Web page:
TUCSON, Ariz. - A cancer patient says she was left alone in a CT scanner for hours after a technician apparently forget about her, and she finally crawled out of the device, only to find herself locked in the closed clinic.
Elvira Tellez of Tucson said she called her son in a panic, and he told her to call 911.
Pima County sheriff's deputies arriving at the oncology office had her unlock the office door to let them in, said Deputy Dawn Hanke, a department spokeswoman. The deputies contacted the office manager, who was not aware of the situation.
Tellez was taken to a hospital as a precaution, then released early the next day.
Tellez said she's had trouble sleeping since last week's incident. She and her family said they want an explanation from the medical office, Arizona Oncology Associates, but have yet to receive one. She said the technician did call to apologize the next day.
"I don't know what to think," Tellez said in Spanish. "I think and think and think, but I can't understand it."
Ted Eazer, practice director for Arizona Oncology Associates, said Friday that the group has revised its closing procedures so no one is ever left behind in an office again. A sweep of the facilities will be done and a written checklist followed.
The executive director of Arizona Oncology Associates, Sonya Hohm, was in a meeting Friday and not immediately available for comment, her assistant said.
Diagnosed with bone cancer, the 67-year-old Tellez had been sent to the clinic for tests to see if her cancer had spread.
A technician placed her inside the large machine at about 4 p.m. on Sept. 19, dimmed the lights so she could relax and told her not to move during the 25-minute procedure.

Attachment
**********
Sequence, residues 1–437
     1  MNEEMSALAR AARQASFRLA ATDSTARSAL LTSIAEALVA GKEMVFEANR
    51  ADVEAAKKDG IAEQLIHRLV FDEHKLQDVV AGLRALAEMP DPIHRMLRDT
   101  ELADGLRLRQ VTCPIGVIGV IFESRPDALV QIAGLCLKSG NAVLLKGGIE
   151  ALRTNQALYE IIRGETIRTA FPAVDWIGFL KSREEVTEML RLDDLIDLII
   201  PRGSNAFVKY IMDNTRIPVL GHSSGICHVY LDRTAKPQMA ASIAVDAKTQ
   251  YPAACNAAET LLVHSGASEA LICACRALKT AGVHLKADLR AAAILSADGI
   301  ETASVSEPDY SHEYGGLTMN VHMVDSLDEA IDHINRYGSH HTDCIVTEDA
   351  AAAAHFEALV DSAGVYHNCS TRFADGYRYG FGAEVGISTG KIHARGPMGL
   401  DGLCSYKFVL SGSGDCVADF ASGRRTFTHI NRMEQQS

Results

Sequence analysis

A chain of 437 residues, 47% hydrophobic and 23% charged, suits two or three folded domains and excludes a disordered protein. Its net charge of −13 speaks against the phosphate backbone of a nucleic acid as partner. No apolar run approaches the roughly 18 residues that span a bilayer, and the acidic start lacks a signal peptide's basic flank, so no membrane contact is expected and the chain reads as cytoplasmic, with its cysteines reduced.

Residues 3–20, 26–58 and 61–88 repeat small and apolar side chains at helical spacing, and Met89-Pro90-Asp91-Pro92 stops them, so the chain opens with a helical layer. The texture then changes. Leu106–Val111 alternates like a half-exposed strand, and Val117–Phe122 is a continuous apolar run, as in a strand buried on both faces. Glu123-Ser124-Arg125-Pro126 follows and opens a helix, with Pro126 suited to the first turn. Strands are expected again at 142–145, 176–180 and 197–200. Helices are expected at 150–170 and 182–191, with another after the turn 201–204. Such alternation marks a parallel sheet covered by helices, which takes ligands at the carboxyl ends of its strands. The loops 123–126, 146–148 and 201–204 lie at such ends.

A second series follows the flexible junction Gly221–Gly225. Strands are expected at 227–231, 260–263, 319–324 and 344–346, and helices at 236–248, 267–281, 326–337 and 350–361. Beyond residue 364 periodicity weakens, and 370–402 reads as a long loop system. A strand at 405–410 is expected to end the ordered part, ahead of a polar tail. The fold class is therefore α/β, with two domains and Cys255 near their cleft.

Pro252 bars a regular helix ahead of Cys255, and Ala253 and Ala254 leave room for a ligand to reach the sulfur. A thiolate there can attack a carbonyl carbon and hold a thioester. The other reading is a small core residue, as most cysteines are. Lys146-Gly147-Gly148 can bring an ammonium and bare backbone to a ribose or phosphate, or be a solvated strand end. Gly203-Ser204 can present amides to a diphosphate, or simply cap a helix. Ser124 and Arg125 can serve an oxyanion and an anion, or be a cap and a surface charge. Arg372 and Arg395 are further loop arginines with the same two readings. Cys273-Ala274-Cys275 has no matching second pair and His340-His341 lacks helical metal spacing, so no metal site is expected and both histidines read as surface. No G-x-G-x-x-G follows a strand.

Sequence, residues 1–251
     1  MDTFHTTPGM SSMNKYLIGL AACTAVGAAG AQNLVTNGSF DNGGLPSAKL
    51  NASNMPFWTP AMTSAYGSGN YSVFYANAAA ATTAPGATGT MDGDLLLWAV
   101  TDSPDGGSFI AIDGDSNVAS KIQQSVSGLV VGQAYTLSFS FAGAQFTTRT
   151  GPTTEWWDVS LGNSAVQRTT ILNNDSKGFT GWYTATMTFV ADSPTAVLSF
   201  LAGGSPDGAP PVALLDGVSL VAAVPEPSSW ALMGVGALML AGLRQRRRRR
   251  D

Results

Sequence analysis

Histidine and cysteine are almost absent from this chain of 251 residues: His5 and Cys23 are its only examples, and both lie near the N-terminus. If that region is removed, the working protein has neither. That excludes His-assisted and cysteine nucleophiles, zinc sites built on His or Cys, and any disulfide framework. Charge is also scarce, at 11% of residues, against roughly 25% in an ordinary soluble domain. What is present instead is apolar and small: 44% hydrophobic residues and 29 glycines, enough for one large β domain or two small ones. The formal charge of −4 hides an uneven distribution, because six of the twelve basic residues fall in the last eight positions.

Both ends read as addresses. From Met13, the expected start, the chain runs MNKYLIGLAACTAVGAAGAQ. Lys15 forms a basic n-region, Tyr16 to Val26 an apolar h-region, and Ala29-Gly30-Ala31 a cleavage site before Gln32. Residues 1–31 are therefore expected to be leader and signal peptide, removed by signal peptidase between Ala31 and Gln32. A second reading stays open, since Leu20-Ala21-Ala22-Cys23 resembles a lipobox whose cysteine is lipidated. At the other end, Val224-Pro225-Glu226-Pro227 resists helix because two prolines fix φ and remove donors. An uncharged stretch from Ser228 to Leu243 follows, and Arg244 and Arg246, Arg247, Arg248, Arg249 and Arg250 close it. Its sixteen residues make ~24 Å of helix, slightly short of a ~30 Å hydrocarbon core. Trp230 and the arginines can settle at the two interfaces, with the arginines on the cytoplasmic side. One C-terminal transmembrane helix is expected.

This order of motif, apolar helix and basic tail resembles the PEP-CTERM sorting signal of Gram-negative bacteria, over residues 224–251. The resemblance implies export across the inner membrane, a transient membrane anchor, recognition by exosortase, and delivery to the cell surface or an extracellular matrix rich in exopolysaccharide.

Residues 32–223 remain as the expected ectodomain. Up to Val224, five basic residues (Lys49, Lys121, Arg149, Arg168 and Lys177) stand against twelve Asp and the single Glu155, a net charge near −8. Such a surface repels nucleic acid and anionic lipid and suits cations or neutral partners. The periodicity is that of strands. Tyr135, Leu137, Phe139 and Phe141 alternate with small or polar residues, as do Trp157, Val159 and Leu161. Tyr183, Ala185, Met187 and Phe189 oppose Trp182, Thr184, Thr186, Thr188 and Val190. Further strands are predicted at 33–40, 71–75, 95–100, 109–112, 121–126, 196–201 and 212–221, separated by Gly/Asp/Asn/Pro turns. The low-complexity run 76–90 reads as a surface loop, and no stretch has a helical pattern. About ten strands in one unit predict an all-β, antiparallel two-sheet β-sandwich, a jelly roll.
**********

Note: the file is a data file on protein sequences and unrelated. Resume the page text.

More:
"At some point, my mom lost track of time and felt like too much time had passed, but she couldn't look at a clock or anything because it was dark," her son Ariel Tellez said.
After calling out, then screaming for help, she said, she spent several hours trying to free herself from the machine. Finally, she wiggled out from under a heavy blanket and out of the machine. By the time deputies found her, it had been five hours since she was placed inside.
A physician who works at the practice and knew of the incident told The Arizona Daily Star it's not the first time such a thing has happened.
"People have been left in the office after hours, when something like that happens - it's the same sort of thing," Dr. Steven Ketchel said. "My guess is she was lying on the table, waiting and waiting and nobody told her she could go home."
Eazer said Ketchel was referring to incidents in other facilities, and that a patient had never before been left behind at Arizona Oncology clinics.